‘Sculpture Tour’ brings some impressive visitors to RIC

The Rhode Island College campus has undergone some significant changes in recent years, including a new residence hall, extensive east campus renovations and the president’s illuminated walkway. But this September is bringing a different kind of addition, one that will transform the campus into an outdoor gallery for large sculptures.

It will be known as the “Sculpture Tour.”

A prime mover behind the effort is the college’s director of performing and fine arts Tom Cobb, whom most people know as the author of the novel “Crazy Heart.” The work was the basis for the film of the same name, which this year garnered Oscars for Jeff Bridges, Best Actor, and for T-Bone Burnett and Ryan Bingham, Best Original Song.

Mike Hansel's 'Intestinal Fortitude.'
Notes on the Sculptors

Mike Hansel
Mike Hansel heads the art department at St. George’s School and teaches art at Salve Regina University, both in Newport. His large-scale steel sculptures have been exhibited in Connecticut, Illinois, Massachusetts, New Jersey, New Mexico, New York and Virginia. “Intestinal Fortitude” (now on display at RIC) won the Best of Show award at the 2005 Port Warwick Art and Sculpture Festival in Newport News, Virginia.

Artist’s Statement: “I try to combine the organic and the man-made. Ideally, I’d like to think that nature and industry aren’t really opposites, but more like complementary terms. My goal is to create finished compositions that leave the viewer with the comfort of familiarity and the uncertainty of not being able to truly identify or categorize any of the forms.”
An exhibition of Hansel’s work is scheduled at Bannister Gallery from Dec. 9-31.


Rob Lorenson
Rob Lorenson is a professor of sculpture at Bridgewater State College, in Bridgewater, Mass. His work has been seen in California, Florida, Indiana, Iowa, Massachusetts, North Carolina and Wisconsin.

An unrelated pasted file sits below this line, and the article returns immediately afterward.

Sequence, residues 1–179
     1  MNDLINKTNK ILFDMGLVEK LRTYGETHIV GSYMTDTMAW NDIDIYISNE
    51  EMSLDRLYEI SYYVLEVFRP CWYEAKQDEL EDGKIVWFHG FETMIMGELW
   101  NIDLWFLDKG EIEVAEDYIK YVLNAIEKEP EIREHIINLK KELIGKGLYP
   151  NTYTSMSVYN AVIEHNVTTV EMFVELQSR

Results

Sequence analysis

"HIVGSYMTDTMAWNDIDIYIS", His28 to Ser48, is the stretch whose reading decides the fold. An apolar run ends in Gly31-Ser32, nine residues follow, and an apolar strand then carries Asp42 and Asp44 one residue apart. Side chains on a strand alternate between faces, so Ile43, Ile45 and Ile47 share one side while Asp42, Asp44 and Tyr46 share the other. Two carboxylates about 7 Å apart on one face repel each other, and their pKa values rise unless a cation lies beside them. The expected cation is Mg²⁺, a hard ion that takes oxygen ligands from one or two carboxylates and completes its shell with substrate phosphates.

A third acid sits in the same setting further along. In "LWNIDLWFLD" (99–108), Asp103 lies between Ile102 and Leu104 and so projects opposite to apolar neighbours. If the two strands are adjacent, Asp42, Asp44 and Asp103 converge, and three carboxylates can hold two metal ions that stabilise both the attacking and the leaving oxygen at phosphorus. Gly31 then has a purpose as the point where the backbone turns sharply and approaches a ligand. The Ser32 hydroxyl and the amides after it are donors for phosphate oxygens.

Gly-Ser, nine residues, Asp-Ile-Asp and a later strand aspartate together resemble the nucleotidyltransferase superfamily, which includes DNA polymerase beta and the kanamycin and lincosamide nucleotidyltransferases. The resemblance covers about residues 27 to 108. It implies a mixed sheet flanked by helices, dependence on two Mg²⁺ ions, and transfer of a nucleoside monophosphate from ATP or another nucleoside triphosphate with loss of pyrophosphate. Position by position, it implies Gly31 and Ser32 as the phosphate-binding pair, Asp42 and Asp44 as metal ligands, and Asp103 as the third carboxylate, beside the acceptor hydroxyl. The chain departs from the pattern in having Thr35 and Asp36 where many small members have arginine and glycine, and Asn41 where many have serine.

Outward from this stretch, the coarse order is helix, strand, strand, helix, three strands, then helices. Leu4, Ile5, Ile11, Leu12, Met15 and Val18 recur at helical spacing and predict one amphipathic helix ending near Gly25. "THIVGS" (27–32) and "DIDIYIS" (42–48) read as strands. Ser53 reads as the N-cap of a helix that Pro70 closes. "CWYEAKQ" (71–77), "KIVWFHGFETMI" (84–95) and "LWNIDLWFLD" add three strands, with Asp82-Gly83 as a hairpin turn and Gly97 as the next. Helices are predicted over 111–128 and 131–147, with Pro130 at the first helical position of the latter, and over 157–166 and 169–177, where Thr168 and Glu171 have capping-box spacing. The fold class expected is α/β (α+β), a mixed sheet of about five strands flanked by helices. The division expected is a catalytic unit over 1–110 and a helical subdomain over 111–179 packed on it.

Artist’s Statement: “The elements of my work exist in suspended animation. They are situated as though to freeze a moment in time in which they exist effortlessly in space. The work is constructed of sturdy, permanent materials that allow this to happen but yet is in contradiction to the impermanent sense of the composition. The forms have boldness and exactness that are inspired by the martial arts where grace and precision are practiced until they are effortless.”


Wendy Klemperer
Wendy Klemperer was most able to explore her passion for animals and nature during summers spent at her grandmother’s country house in New Hampshire. The daughter of two chemists, she grew up with dual interests in art and the biological sciences, and received a bachelor’s degree in biochemistry from Harvard University before deciding to pursue art full time. Wendy Klemperer lives in Brooklyn, N.Y., and Nelson, N.H. She has exhibited her work throughout the United States.

Artist’s Statement: “Because I find it physically engaging to make something bigger than me, my sculptures of animals are often larger than life. This exaggerated scale reflects the huge space a wild beast holds in the collective imagination, basis for legend and myth.”


When asked about how he has been balancing his notoriety and his campus roles – he is also an English professor at RIC – he quipped, “I have a day job, too, and love it.”

The “Sculpture Tour” was three years in the making. Cobb recalls that Bill Martin, an art professor at the college, approached him with the idea in 2006 when Cobb had just taken on the performing and fine arts directorship.

Martin himself is a sculptor of large-scale pieces and had the knowledge and connections to make the project work.

Martin had several precedents in mind for the “Sculpture Tour.” For instance, one was a rotating exhibit at Louisiana State University, where Martin received his MFA, which was implemented by a former professor of his. Another was the outdoor sculpture program in New Hope, Pa.; he also recalled Convergence, which was an annual arts event in Providence that ran for a number years.

In developing his plan, Martin also consulted with the DeCordova Museum in Lincoln, Mass., whose Sculpture Park exhibits about 75 works at a given time, and he approached several artists he had been in contact with. He also got some feedback from his students.